Only if we are very serious about understanding the science of God is a guru required. We should not try to keep a guru as a matter of fashion. One who has accepted a guru speaks intelligently. He never speaks nonsense. That is the sign of having accepted a bona fide guru. We should certainly offer all respect to the spiritual master, but we should also remember how to carry out his orders. In the Bhagavad-gita(4.34)Sri Krishna Himself tells us the method of seeking out and approaching the guru:
tad viddhi pranipatena
upadeksyanti te jnanam
“Just try to learn the truth by approaching a spiritual master. Inquire from him submissively and render service unto him. The self-realized soul can impart knowledge unto you because he has seen the truth.”
The first process is that of surrender. We have to find an exalted person and willingly surrender before him. The sastras enjoin that before we take a guru we should study him carefully to find out whether we can surrender to him. We should not accept a guru suddenly, out of fanaticism. That is very dangerous. The guru should also study the person who wants to become a disciple to see if he is fit. That is the way a relationship is established between the guru and disciple. Everything is provided, but we must take up the process seriously. Then we can be trained to become a bona fide disciple. First we must find a bona fide guru, establish our relationship with him, and act accordingly. Then our life will be successful, for the guru can enlighten the sincere disciple who is in darkness.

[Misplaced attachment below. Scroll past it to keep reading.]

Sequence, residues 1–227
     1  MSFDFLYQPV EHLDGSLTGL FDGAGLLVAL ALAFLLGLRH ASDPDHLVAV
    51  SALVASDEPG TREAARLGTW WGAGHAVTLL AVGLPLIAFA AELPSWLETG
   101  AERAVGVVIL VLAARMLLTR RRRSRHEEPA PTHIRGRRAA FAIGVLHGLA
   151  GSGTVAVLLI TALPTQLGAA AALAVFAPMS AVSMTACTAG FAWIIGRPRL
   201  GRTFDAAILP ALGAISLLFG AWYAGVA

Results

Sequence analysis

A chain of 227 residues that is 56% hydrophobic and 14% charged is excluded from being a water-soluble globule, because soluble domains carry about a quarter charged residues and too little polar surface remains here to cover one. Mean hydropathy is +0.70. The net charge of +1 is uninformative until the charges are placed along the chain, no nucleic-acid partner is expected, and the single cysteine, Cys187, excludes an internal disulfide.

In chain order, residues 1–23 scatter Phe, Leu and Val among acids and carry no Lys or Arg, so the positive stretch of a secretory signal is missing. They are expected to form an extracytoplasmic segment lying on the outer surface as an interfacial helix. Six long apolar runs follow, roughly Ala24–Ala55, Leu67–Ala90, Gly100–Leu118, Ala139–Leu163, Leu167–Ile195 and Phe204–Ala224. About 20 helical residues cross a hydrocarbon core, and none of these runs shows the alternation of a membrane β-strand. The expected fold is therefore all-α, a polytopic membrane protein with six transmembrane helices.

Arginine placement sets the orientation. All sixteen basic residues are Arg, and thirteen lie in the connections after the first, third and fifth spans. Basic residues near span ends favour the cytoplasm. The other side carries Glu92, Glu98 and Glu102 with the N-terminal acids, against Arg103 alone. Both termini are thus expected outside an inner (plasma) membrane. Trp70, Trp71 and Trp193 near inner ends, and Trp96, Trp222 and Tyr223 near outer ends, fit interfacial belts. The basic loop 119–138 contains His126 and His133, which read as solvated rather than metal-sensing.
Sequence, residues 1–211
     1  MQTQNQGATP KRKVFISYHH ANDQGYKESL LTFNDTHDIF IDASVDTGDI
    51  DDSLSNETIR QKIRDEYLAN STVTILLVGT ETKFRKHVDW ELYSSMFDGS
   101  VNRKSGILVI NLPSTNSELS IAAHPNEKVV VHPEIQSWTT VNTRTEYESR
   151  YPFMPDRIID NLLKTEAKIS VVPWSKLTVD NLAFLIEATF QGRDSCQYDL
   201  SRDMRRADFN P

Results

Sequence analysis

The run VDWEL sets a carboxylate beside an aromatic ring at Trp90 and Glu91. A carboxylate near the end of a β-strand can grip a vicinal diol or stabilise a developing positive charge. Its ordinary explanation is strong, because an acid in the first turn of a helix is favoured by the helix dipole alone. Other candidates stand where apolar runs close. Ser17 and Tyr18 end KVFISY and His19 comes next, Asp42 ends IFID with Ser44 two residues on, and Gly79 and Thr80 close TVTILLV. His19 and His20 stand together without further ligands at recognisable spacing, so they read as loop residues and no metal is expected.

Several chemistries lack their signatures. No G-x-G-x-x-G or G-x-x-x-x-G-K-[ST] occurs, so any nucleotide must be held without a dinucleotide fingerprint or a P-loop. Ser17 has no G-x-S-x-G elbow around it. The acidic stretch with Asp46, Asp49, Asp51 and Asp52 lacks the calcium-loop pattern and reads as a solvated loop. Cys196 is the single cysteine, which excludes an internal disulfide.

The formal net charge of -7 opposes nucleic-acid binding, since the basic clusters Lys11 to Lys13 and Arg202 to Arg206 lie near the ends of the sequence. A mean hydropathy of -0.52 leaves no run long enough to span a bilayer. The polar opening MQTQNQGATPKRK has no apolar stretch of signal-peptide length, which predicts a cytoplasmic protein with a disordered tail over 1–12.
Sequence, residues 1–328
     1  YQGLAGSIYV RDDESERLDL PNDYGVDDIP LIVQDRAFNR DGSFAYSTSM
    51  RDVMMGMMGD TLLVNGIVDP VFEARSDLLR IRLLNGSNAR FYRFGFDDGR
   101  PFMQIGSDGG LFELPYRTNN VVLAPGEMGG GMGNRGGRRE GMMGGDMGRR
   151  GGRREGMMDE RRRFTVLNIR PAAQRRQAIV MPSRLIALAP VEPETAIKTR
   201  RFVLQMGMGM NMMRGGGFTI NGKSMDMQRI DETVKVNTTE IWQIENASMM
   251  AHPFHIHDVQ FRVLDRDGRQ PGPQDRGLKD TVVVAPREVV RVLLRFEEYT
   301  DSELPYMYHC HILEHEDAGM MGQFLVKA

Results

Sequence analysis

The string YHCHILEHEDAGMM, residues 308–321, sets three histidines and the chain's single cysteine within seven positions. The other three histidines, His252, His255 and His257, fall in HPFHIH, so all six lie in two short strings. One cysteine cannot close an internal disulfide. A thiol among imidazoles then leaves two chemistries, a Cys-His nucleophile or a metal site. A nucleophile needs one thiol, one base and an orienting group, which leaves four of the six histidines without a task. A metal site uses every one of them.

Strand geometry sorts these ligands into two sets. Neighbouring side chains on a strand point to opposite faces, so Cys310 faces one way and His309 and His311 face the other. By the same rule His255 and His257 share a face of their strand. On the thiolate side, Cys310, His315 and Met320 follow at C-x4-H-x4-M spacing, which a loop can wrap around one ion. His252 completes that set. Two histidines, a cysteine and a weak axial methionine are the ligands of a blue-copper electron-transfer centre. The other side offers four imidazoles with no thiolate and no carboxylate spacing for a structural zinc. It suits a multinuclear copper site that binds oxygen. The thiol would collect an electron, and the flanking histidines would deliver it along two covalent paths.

Everyone is born a rascal and a fool. If we are born learned, why do we need to go to school? If we do not cultivate knowledge, we are no better than animals. An animal may say that there is no need of books and that he has become a guru, but how can anyone obtain knowledge without the study of authoritative books on science and philosophy? Rascal gurus try to avoid these things. We must understand that we are all born rascals and fools and that we have to be enlightened. We have to receive knowledge to make our lives perfect. If we do not perfect our lives, we are defeated. What is this defeat? The struggle for existence. We are trying to obtain a better life, to attain a superior position, and for this we are struggling very hard. But we do not know what a superior position actually is.
Whatever position we have in this material world must be given up. We may have a good position or a bad position; in any case, we cannot remain here. We may earn millions of dollars and think, “Now I am in a good position,” but a little dysentery or cholera will finish our position. If the bank fails, our position is gone. So actually there is no good position in this material world. It is a farce. Those who try to attain a better position in the material world are ultimately defeated, because there is no better position. The Bhagavad-gita (14.26) says what the better position is:
mam ca you `vyabhicarena
sa gunan samatityaitan
“One who engages in the spiritual activities of unalloyed devotional service at once transcends the modes of material nature and is elevated to the spiritual platform.”
Is there any science that gives us the knowledge by which we may become immortal? Yes, we may become immortal, but not in the material sense. We cannot receive this knowledge in so-called universities. However, there is knowledge contained in the Vedic scriptures by which we may become immortal. That immortality is our better position. No more birth, no more death, no more old age, no more disease. Thus the guru takes on a very great responsibility. He must guide his disciple and enable him to become an eligible candidate for the perfect position-immortality. The guru must be competent to lead his disciple back home, back to Godhead.